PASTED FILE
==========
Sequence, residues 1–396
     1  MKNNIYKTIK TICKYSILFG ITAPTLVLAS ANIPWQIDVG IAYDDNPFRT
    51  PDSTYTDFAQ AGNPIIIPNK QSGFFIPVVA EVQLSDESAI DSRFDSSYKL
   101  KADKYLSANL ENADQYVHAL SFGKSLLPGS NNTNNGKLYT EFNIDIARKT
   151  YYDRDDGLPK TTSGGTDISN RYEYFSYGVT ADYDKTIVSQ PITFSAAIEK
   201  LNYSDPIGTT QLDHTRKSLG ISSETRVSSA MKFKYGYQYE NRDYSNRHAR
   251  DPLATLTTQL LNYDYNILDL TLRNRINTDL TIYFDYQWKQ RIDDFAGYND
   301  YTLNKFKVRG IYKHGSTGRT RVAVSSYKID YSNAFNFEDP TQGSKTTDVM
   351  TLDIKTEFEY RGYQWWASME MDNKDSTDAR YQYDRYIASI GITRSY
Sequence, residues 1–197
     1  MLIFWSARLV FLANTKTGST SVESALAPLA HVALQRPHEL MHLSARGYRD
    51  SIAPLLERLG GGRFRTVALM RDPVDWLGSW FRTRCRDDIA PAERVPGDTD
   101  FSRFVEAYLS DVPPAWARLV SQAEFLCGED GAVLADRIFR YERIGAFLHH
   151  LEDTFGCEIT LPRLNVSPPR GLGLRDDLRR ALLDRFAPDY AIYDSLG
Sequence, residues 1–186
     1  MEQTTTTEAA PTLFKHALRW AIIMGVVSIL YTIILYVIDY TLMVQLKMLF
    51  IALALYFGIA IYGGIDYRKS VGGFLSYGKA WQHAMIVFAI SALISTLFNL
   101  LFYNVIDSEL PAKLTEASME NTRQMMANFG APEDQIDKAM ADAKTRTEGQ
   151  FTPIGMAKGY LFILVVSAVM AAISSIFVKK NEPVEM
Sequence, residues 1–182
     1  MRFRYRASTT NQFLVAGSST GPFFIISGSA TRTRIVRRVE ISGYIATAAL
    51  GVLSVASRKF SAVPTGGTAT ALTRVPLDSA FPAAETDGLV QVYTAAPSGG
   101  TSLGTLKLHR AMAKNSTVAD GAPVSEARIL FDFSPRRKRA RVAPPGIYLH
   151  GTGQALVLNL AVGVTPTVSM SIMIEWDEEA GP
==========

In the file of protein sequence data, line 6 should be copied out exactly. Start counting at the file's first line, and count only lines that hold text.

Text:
   201  LNYSDPIGTT QLDHTRKSLG ISSETRVSSA MKFKYGYQYE NRDYSNRHAR